Anarchy is Tyranny
Upon first glance, this title almost certainly seems oxymoronic. After all, we’ve been told for the longest time by self-styled “pro-liberty” advocates that the road to freedom entails the reduction, and possibly even the complete dissolution, of the state apparatus. The problem with this thinking is that it isolates the government as the only potential form of tyranny. This is simply not true. In fact, when done correctly, the state serves as a necessary counterbalance to the subjugation and exploitation inflicted by private sector bosses on those in the workforce. In that sense, the state can be an important antidote to, or at least curtailing force against, tyranny. A diminishing of the purview of the public sector necessarily strengthens and delineates more power to private business. Let us not mince words: the prospect of such a reality is terrifying. In the words of world-renowned linguist and intellectual Noam Chomsky:
“The brand of what’s called ‘anarchism’ in the United States and to some extent in England, if you take a look at it, [is] advocacy for the most extreme form of autocracy and oppression that has ever existed. The policies very quickly turn into concentration of power in the hands of unaccountable, private institutions…”
The would-be freedom laden utopia of an anarcho-capitalist society, if ever realized, would be quite the contrary. In fact, I will lay out the case as to why the logical conclusion of anarcho-capitalism is monarchy.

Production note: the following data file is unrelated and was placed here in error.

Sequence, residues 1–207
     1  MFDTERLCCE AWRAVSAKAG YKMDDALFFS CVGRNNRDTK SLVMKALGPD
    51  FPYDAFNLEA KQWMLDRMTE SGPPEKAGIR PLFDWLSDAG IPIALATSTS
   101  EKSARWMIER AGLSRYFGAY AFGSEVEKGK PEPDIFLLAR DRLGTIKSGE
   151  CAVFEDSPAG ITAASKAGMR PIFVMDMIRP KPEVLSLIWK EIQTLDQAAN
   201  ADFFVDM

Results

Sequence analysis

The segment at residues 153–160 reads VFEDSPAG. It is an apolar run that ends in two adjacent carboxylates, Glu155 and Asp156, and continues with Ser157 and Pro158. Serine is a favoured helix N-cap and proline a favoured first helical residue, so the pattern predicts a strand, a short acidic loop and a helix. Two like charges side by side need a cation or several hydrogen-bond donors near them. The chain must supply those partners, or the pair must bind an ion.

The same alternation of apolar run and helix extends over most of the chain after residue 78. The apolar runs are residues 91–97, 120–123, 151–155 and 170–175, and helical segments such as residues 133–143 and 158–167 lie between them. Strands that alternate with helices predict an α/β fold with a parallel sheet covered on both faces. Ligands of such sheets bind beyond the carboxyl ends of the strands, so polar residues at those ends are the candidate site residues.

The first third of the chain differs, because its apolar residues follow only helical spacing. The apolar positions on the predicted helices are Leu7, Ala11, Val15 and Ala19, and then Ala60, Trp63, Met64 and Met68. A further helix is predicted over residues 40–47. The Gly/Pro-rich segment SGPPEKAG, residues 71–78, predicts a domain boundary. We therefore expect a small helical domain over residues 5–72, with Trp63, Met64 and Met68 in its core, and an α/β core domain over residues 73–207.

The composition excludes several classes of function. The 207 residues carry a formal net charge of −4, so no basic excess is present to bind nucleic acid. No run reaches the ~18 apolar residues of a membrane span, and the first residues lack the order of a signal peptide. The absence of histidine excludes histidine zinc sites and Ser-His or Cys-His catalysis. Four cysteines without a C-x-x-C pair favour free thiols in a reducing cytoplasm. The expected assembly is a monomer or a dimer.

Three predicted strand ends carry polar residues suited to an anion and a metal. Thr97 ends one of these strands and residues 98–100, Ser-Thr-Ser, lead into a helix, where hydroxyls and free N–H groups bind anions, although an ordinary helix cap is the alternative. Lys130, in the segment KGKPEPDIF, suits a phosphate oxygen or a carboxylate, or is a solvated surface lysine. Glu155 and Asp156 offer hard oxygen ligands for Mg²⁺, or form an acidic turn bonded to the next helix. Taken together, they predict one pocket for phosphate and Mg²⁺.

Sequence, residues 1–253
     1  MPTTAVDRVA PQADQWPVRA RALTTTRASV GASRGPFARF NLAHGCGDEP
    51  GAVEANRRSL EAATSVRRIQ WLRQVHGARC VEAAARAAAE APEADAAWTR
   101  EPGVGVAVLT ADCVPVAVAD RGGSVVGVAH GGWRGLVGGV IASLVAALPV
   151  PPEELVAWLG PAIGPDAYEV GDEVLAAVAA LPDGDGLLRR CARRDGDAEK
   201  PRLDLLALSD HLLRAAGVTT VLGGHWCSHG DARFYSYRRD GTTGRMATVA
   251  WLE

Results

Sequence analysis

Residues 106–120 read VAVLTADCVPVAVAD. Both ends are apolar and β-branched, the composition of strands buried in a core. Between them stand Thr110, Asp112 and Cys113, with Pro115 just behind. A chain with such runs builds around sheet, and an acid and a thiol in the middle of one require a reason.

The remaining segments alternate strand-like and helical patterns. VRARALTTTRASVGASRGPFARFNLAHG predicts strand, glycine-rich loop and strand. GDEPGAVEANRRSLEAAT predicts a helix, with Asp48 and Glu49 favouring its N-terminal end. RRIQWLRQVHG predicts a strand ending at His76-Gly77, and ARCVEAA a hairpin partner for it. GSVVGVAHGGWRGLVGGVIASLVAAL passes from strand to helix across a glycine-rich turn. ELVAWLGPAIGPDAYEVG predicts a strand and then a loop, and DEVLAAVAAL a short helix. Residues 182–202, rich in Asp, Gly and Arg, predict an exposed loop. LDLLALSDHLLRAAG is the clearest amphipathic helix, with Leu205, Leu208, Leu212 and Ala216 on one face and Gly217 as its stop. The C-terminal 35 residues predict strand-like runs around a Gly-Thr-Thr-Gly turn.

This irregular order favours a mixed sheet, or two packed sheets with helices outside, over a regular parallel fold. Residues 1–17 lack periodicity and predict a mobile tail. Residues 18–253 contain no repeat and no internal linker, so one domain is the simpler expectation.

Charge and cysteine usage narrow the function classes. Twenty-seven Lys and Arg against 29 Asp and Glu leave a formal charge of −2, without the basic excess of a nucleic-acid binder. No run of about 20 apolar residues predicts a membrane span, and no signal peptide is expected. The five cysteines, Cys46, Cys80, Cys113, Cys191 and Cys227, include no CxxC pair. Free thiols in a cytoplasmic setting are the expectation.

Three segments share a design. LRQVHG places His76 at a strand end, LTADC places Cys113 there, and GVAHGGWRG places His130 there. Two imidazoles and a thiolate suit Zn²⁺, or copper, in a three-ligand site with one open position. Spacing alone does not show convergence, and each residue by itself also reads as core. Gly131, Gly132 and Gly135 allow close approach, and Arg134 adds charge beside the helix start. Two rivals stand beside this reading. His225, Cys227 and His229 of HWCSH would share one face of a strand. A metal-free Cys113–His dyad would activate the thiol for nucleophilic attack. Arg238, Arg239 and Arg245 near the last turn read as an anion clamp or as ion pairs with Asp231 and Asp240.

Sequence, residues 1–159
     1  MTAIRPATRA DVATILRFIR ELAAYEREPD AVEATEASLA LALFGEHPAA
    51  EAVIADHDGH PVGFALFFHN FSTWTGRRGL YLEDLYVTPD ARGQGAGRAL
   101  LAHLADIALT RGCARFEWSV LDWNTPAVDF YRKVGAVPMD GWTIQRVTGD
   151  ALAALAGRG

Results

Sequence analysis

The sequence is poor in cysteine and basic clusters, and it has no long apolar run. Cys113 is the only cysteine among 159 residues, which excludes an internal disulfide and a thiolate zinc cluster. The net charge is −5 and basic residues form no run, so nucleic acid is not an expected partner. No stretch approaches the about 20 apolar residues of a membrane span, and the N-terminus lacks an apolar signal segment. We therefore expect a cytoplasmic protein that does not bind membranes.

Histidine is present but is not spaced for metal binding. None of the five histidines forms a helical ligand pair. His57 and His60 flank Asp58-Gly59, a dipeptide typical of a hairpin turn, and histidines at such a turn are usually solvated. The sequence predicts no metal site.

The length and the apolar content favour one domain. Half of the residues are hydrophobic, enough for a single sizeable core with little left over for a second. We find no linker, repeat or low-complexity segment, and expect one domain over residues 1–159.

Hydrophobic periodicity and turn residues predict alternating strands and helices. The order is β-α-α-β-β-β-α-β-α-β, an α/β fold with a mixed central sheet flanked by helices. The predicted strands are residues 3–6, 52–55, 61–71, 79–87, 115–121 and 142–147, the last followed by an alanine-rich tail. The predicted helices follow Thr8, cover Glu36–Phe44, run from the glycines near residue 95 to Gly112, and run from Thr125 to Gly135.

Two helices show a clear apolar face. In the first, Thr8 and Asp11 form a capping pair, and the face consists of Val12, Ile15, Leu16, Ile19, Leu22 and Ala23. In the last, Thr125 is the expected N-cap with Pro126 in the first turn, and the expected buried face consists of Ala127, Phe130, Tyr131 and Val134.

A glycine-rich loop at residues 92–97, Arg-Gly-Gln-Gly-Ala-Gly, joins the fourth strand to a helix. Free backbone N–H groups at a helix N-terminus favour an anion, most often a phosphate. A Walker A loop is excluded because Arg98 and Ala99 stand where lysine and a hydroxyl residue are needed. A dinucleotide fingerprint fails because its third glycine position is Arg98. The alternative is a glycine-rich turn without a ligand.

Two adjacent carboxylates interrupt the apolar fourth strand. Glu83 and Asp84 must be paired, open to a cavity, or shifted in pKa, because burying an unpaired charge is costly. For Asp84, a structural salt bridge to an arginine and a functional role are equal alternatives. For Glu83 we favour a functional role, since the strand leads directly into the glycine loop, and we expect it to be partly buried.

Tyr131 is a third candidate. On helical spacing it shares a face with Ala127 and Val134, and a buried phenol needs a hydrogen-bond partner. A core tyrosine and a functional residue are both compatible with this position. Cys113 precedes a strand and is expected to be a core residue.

In such a world, there would be no public land and nothing, other than your ability to pay, restricting how much land a single person could lay claim to. With the rampant income inequality that exists today — and that would only be exacerbated within such a societal order — you would have very few extravagantly rich people owning basically all the land. The vast majority of people would not be able to obtain any land at all. It is also worth noting that in this hellscape of a world, freedom of movement would not exist. Unless invited onto someone else’s property, the very existence of the landless masses would constitute trespassing. So, where would they go?
It is likely that they would become tenants on the property of some plutocrat. And, as anyone who has dealt with a landlord knows, they tend to like to rule over said property with an iron fist. You may sometimes hear anarcho-capitalists refer to themselves as voluntaryists. This label asserts that whatever is done through voluntary transaction should be allowed. Therefore, do oft-criminalized things like drug use and prostitution fall under this umbrella? While in theory, that assumption may be sound, in practice it is anything but. Speaking generally, property owners would not want or allow such activity in their presence.
So, we already have the subjects and authoritarian rule in place for the creation of a monarchy. We just lack one key element: aristocracy.
This one is quite simple. When property owners die, they pass their estate down to their children. In the case that they don’t have children, that wealth will still, more likely than not, remain in the family. And thus the dynasty that, in this hypothetical world, would claim us as their subjects is born. Does that sound like freedom and liberty to you?